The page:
About a year and a half ago, I started rereading the tales of H.P. Lovecraft. I had previously read the three Penguin Classics editions of Lovecraft’s work, so this time I read through the four Wordsworth editions of his fiction. The Wordsworth editions, while lacking the footnotes included in the Penguins, present a more complete collection; in fact, one of these volumes is comprised exclusively of collaborative works omitted from the Penguin versions. I wrote a series of posts on these books (Part 1, Part 2, Part 3, Part 4), pairing each one with a work of Lovecraftian Occultism, but as I was reading through them, it became apparent to me that while the Wordsworth editions of Lovecraft’s work are more complete than the Penguin editions, they do not contain all of the fiction that Lovecraft wrote/contributed to. In this post, I want to list and examine the short stories of Lovecraft that are contained in neither the Penguin or Wordsworth editions of his work.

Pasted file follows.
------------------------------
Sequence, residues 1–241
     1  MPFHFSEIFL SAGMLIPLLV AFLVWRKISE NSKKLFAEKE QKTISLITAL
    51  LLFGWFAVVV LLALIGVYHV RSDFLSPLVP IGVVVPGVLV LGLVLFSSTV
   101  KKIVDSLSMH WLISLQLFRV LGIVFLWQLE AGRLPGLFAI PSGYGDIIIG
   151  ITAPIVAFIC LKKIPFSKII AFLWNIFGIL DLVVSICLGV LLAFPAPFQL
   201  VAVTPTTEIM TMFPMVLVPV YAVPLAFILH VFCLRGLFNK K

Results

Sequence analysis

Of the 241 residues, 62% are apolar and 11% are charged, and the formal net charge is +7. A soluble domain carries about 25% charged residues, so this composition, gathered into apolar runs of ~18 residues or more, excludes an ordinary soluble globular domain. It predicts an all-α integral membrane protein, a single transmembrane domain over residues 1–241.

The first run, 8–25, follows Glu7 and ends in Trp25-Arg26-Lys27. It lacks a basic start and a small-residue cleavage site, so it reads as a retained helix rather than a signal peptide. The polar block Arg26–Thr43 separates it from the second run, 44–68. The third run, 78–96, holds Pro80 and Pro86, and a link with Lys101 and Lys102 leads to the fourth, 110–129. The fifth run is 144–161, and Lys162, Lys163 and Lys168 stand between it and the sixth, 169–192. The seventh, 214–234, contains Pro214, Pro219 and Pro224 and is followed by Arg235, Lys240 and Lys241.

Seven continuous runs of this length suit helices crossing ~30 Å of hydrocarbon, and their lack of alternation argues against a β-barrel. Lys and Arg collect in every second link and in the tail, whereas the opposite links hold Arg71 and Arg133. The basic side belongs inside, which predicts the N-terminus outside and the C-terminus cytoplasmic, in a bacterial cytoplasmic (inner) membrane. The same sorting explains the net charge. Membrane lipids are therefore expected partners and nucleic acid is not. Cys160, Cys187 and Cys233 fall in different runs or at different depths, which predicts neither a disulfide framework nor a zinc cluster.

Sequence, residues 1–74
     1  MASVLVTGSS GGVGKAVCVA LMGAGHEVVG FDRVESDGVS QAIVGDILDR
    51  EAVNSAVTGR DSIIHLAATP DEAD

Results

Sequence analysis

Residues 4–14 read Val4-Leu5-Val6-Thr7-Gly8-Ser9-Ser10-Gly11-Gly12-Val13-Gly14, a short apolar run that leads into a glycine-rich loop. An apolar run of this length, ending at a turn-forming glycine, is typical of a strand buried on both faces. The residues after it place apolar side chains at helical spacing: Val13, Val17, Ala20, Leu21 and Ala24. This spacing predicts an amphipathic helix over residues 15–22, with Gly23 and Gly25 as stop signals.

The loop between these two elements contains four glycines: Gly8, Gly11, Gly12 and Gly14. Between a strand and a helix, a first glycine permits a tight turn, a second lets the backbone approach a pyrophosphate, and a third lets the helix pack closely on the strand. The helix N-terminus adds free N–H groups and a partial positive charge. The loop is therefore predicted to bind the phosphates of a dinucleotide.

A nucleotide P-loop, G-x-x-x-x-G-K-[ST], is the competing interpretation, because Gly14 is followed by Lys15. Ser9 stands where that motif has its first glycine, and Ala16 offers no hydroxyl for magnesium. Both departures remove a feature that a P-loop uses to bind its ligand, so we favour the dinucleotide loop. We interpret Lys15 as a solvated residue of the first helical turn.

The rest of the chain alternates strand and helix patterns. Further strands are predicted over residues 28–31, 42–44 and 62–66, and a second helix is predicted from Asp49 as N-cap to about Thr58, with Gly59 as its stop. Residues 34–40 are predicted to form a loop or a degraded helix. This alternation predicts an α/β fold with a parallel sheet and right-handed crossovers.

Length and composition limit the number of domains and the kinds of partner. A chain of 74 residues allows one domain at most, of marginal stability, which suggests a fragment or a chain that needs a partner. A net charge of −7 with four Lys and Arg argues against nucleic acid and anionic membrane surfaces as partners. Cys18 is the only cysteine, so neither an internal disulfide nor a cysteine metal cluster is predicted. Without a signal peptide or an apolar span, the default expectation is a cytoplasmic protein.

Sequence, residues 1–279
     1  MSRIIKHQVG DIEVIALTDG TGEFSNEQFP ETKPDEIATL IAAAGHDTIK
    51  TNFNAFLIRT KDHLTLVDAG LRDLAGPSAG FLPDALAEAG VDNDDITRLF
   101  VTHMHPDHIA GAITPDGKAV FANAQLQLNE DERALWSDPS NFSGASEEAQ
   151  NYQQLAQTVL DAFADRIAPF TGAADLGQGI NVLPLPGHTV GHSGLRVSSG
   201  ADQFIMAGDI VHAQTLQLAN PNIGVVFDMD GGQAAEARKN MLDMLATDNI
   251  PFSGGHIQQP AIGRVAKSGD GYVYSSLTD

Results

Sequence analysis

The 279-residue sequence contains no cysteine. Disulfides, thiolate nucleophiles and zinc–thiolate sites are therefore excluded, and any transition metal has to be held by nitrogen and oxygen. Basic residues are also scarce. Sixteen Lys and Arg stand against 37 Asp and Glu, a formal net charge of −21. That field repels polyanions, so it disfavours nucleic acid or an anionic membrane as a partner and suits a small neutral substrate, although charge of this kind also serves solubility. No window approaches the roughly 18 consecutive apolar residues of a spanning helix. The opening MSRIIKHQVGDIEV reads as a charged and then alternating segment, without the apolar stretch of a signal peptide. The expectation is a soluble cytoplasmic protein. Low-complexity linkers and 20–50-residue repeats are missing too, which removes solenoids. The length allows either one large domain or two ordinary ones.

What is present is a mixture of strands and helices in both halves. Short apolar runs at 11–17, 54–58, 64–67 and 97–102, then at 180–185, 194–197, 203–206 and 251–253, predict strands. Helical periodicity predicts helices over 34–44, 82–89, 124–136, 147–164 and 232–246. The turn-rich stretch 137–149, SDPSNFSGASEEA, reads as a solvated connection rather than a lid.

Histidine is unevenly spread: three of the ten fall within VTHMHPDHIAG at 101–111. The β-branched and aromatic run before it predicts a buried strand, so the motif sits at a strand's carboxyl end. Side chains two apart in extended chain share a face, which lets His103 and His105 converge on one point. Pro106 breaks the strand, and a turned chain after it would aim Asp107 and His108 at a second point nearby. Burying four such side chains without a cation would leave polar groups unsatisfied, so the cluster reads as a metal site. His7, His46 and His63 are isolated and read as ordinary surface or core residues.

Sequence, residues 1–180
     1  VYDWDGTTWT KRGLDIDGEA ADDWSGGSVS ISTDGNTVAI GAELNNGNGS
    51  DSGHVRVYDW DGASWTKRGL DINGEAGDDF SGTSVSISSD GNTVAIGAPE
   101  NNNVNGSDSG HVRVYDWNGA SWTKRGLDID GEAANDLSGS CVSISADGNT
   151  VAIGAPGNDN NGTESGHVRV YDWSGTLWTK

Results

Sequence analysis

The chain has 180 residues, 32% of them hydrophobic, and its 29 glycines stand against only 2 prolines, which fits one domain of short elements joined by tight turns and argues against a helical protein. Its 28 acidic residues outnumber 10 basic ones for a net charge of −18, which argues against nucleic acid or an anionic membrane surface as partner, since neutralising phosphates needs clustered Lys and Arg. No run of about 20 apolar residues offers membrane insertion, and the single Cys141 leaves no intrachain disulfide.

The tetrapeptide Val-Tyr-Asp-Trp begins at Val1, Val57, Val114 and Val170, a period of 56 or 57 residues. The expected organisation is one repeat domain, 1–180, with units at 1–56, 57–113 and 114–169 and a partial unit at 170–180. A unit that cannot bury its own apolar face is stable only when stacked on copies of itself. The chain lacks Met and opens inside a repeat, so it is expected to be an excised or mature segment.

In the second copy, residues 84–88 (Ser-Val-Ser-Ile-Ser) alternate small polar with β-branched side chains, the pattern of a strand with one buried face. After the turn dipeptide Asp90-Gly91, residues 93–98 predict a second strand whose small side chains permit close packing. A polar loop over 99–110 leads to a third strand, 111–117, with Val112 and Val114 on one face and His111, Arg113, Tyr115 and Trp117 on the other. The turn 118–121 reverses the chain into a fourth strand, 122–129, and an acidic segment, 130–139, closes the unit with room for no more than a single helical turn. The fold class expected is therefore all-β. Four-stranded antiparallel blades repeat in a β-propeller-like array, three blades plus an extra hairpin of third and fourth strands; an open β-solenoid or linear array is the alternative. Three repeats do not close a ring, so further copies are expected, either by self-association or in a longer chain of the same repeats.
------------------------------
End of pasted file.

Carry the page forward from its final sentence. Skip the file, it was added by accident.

There are four tales that Lovecraft wrote by himself that are not included in the aforementioned collections. These tales are Ibid, Sweet Ermengarde, The Reminiscence of Dr. Samuel Johnson and Old Bugs. ‘Ibid’ is a parody of academic writing about history. It’s not funny, amusing or worth reading. ‘Sweet Ermengarde’ is a farcical comic romance. ‘The Reminiscence of Dr. Samuel Johnson’ is a boring story about an old man talking about his friends, and ‘Old Bugs’ is a fairly predictable story about an old drunk. None of these stories contain any horror, and I can’t recommend checking them out.